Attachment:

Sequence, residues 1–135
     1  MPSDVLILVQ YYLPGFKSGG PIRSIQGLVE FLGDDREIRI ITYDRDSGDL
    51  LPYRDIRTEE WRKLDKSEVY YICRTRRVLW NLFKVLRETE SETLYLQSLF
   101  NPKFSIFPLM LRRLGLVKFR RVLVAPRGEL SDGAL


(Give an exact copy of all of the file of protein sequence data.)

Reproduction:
Sequence, residues 1–135
     1  MPSDVLILVQ YYLPGFKSGG PIRSIQGLVE FLGDDREIRI ITYDRDSGDL
    51  LPYRDIRTEE WRKLDKSEVY YICRTRRVLW NLFKVLRETE SETLYLQSLF
   101  NPKFSIFPLM LRRLGLVKFR RVLVAPRGEL SDGAL